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Marble Arch in London

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Sitting in the midst of one of the busiest traffic junctions in London, Marble Arch marks the far western side of the Oxford Street shopping district. Sitting on the site of a notorious execution locale, Marble Arch appears a relatively simple landmark, but is actually a curious, interesting, and important piece of London History.

History and Design

Marble Arch initially had much grander designs than sitting in the centre of a busy roundabout. The arch was designed by architect John Nash in 1827 and was intended to be the official state entrance to Buckingham Palace. If Nash’s original plan had come to final fruition, Marble Arch would today be situated in the courtyard of Buckingham Palace, just in front of the famous Palace balcony.

King George IV had requested the construction of the arch and chose John Nash to design the structure itself which was based on the models of both the Arc de Triomphe in Paris and the Arch of Constantine in Rome. Originally, a bronze equestrian statue of the King was intended to sit atop the arch however, King George IV died in 1830, before the statue was completed. The new king, George’s brother, King William IV, refused to continue paying for the creation of the statue. He disliked both the arch and the idea of spending money and time to update Buckingham Palace, a building he had no interest in using himself. So much was his dislike that he actually attempted to gift the arch (along with the entirety of Buckingham Palace!) to Parliament, after the destruction of the Palace of Westminster.

Buckingham Palace remained in King William’s possession and it was agreed that the completion of the arch could take place, but with the omission of the statue of George IV. That statue would eventually be completed and come to rest on top of one of the plinths in Trafalgar Square. In 1833 the arch was completed - sans any decoration on top - and stood just in front of Buckingham Palace. Originally the arch was a beautiful gleaming white but the pollution of the London atmosphere meant that the marble quickly began to fade and in 1847 London Magazine described the Arch as “discoloured by smoke and damp, and in appearance resembling a huge sugar erection in a confectioner’s shop window.”

Relocation

Because King William IV was not a huge lover of Buckingham Palace, the Palace itself remained unoccupied during his reign. On Queen Victoria’s accession to the throne, Buckingham Palace became a hub of royal activity and life. The Queen’s expanding family (9 children!) required that the Palace be extended and the Arch was moved out of the way so a new wing to the Palace could be added.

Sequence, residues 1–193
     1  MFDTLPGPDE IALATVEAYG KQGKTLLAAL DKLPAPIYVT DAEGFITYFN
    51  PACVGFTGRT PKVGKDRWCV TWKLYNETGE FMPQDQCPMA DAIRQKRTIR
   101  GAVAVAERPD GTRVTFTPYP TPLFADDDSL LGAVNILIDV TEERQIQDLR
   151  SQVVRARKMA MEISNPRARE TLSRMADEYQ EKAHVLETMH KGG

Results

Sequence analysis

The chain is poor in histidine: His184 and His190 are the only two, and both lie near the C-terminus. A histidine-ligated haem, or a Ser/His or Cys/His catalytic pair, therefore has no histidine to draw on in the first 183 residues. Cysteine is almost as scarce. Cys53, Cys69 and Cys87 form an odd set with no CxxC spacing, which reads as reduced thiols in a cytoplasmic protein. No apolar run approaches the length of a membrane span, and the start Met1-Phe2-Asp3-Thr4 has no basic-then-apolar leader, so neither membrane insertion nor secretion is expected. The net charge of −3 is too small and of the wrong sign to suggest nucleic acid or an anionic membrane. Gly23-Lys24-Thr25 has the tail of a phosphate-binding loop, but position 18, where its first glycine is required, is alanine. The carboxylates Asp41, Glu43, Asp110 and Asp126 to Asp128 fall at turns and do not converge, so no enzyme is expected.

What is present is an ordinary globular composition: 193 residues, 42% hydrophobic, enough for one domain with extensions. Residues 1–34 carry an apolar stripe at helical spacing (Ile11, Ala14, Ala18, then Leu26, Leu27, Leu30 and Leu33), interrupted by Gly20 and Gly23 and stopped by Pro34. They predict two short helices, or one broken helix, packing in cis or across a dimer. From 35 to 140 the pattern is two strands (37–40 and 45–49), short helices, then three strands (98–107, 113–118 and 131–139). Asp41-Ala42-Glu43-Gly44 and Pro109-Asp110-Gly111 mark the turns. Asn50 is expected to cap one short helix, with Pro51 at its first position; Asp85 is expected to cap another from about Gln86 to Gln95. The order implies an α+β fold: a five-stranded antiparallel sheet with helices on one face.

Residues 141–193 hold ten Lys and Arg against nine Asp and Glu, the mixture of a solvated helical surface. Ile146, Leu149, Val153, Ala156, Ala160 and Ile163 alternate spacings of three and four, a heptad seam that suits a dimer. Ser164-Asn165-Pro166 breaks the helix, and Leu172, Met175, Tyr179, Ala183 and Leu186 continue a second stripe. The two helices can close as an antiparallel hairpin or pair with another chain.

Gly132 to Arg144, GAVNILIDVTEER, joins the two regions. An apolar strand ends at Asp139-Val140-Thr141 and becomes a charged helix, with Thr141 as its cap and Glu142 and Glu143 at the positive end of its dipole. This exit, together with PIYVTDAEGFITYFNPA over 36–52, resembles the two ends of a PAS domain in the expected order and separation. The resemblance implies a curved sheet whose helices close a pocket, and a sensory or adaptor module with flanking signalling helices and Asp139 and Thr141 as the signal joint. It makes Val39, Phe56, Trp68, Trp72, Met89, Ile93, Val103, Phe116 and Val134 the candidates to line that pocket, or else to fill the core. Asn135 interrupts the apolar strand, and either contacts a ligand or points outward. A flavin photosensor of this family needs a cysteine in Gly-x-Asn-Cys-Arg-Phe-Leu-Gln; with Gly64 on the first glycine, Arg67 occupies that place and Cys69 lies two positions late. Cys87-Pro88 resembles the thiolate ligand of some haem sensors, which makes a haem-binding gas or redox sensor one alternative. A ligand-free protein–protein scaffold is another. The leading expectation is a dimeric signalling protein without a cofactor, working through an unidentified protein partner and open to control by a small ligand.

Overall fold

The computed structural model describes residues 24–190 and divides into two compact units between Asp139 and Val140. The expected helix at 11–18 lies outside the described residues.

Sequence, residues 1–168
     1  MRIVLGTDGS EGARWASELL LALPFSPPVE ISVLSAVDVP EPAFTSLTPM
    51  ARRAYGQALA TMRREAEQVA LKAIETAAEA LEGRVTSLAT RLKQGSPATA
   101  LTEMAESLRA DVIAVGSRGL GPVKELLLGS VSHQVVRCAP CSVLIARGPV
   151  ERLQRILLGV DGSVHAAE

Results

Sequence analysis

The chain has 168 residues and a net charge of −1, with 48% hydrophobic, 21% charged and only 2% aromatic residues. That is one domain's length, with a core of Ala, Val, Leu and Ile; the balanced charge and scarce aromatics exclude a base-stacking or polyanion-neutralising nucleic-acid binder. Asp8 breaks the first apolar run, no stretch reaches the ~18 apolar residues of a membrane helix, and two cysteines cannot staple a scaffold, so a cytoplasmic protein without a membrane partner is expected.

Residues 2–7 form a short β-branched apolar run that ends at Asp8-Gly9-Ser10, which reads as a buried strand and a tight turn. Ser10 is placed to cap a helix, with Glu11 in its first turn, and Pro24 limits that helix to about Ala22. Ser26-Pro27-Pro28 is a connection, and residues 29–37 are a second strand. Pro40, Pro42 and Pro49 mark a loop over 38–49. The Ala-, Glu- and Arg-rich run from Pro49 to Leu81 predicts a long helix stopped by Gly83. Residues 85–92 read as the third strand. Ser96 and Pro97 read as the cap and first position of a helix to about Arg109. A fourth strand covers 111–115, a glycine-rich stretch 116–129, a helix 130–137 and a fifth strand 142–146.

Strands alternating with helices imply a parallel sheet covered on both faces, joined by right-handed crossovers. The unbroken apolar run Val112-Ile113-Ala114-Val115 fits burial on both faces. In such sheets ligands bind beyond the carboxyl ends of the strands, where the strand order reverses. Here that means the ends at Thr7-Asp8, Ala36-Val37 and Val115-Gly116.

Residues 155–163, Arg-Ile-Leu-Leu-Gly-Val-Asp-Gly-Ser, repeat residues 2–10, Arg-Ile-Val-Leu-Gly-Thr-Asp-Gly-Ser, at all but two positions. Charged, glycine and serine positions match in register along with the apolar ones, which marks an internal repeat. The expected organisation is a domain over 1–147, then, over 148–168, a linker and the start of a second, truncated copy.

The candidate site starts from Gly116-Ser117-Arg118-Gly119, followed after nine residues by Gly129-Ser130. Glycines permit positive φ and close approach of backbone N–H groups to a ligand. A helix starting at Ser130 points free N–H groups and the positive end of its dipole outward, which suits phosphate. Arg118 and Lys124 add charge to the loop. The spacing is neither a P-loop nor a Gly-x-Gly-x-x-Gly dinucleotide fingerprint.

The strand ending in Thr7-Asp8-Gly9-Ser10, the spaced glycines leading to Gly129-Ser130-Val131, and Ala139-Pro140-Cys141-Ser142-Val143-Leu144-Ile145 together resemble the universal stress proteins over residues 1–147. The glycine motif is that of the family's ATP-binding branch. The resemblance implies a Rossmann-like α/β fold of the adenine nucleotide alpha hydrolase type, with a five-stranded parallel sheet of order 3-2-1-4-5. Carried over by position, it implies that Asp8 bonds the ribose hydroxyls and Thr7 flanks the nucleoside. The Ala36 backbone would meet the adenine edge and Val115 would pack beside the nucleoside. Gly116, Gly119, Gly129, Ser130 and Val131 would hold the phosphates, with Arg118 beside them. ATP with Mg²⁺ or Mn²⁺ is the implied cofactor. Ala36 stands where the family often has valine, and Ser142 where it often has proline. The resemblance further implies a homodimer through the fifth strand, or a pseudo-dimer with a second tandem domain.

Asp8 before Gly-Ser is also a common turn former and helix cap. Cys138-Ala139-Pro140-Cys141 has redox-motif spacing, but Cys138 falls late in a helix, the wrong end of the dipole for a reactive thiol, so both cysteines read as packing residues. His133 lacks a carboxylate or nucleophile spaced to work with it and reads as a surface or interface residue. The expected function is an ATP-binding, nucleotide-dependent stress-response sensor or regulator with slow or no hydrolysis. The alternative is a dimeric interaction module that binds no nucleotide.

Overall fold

Dismantled, the Arch was moved in 1847 and was rebuilt by Thomas Cubitt to act as a ceremonial entrance to Hyde Park. Now in a central location, the Arch was utilised and was actually transformed into a police station in 1851 - and was used until 1968!

Today

Today the Arch remains at Cumberland Gate in the northeast corner of Hyde Park. It is only rarely used - for example, the golden state coach passed through the arch during Queen Elizabeth II’s coronation in 1953, and inside the arch is essentially now empty storage. It is often speculated that the Arch may be moved again - this time to sit actually inside the boundaries of Hyde Park instead of outside - so that it would be more accessible to the public. However, as of now, there are no concrete plans for this to take place.

Tyburn

Just adjacent to the Marble Arch sits a small bronze plaque that commemorates the location of the famous Tyburn Gallows. The gallows here were host to thousands of executions throughout the centuries. Named after the River Tyburn (still flowing underneath the road here), the first usage of this site for executions dates back to 1196. Eventually the ‘Tyburn Tree’ (a three sided wooden structure that could simultaneously hang as many as 24 prisoners) was erected here - gallows that would stand for centuries until the last execution that took place here on the 3rd of November 1783.

Visiting the Arch

The interior of the Arch is not open to the public, however, visitors can walk alongside the Arch throughout the day and are free to sit nearby to enjoy the fountains and small grassy areas that have been built around it.

Nearest Underground Station: Marble Arch, of course!

About The Author

Margaret

An American simply by accident of birth, Margaret moved to London over 16 years ago and hasn’t looked back since! With a keen interest in History – and a BA degree to match – Margaret prides herself on her knowledge of the amazing city she calls home and she's been guiding here now for nearly a decade. Social history is her real expertise, with sound understanding of the day-to-day lives of Londoners over the past centuries.
Updated: October 12th, 2021
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